She devices great character development that they seem to fit so well inside their world. She is known as a classic writing because of these things: the precision writing, the character development, and her wit that peaks through. Interpretation In nineteenth century England, home life was quite different but also similar to this time period. In Sense and Sensibility by Jane Austen she shows this time period beautifully. She
Finally, her judgment... ... middle of paper ... ...ves; and her whole heart became, in time, as much devoted to her husband, as it had once been to Willoughby.” (203.III. XIV) Marianne is not a perfect character, but her emotions and spirit add a depth and realness that jumps off the page. Her ethical code of values allows her find balance and saves her from tragedy. It is Marianne’s conversion in Sense and Sensibility that holds the novel together and where the lesson lies. The romantic appeal of Marianne as a heroine is strong; readers must ascertain a balance of sense and sensibility along side Marianne.
These are some of the reasons why, while Darcy falls each time more in love with Elizabeth, she grows more disguised by him. To worsen the situation, Darcy proposes to Elizabeth in a very unfitting manner. Austen describes, “he was not more eloquent on the subject of tenderness than of pride. His sense of her inferiority- of its being a degradation- of the family obstacles which had always opposed to inclination, were dwelt on with a warmth which seemed due to the consequence he was wounding, but was very unlikely to recommend his suit”(124). This reveals that in his proposal, Darcy focused on Elizabeth’s inferiority regarding poor family connections and low social rank.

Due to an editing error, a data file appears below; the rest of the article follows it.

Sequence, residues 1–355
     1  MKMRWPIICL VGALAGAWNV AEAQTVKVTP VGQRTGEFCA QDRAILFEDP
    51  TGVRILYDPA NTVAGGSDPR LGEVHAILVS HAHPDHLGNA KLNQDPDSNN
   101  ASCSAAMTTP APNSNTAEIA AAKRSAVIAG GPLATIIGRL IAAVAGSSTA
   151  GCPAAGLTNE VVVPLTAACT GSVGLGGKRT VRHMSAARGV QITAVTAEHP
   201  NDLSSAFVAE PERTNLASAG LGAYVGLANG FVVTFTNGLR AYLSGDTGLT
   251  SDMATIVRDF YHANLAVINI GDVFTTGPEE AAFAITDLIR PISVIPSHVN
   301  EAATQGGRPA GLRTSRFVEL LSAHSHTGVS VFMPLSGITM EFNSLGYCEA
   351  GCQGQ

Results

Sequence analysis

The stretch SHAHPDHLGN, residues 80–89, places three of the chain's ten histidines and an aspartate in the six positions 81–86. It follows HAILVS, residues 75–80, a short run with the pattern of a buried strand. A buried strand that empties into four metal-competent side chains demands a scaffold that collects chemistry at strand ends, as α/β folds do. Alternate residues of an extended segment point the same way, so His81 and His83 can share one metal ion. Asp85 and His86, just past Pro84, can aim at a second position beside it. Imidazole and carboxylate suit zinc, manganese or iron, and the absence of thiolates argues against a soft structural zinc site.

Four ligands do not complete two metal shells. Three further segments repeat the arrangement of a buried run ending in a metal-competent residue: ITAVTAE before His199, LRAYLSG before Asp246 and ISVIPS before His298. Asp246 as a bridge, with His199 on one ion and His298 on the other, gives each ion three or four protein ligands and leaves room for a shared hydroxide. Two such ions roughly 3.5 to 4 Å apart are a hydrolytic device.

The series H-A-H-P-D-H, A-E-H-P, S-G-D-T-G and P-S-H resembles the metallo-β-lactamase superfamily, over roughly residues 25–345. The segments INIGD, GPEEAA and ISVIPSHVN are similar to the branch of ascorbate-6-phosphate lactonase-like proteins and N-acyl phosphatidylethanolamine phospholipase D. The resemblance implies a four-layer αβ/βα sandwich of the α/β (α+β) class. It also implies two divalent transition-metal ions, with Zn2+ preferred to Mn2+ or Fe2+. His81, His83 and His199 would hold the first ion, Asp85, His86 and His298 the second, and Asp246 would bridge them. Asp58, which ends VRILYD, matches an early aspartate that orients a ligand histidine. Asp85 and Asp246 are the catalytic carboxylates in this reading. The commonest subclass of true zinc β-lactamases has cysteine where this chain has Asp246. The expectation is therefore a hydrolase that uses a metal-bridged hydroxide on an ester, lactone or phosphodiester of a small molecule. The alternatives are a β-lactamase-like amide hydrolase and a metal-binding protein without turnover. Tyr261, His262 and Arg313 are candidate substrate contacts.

Understanding the Wife of Bath’s motivations for her actions through the tale provides an explanation, and, from a sympathetic point of view, an excuse for her negative behavior. Through the voice of the old hag giving the knight two choices, the Wife of Bath highlights an issue that has been central to the formation of her own moral character. She strongly believes that God gave her the freedom of choice, and she is taking that freedom to make decisions in her own best interest. Her decisions and resulting behavior, although morally questionable, are the result of her attempts to rise above her station in life. Evidence of this freedom of choice is shown when the old hag in the tale poses this question to the knight: “You have two choices; which one will you try” (Chaucer 291)?
Austen displays Elizabeth as an independent woman who does not cloud her judgment by the desire to be in a higher class; she is content with herself and does not need a man to be satisfied with life. She quickly judges others, which causes her to be lead astray from the truth. To illustrate Elizabeth’s eagerness to judge this quote serves as an example as she quickly judges Mr. Darcy, "And your defect is a propensity to hate everybody"(Austen 58). From her first encounter... ... middle of paper ... ... and until the resolution of the story do the readers finally feel happiness for the characters. The characters must overcome these struggles and, “to accomplish the author’s purpose, they must overcome both external obstacles and the personal flaws suggested in the title of the book”(Reisman 2).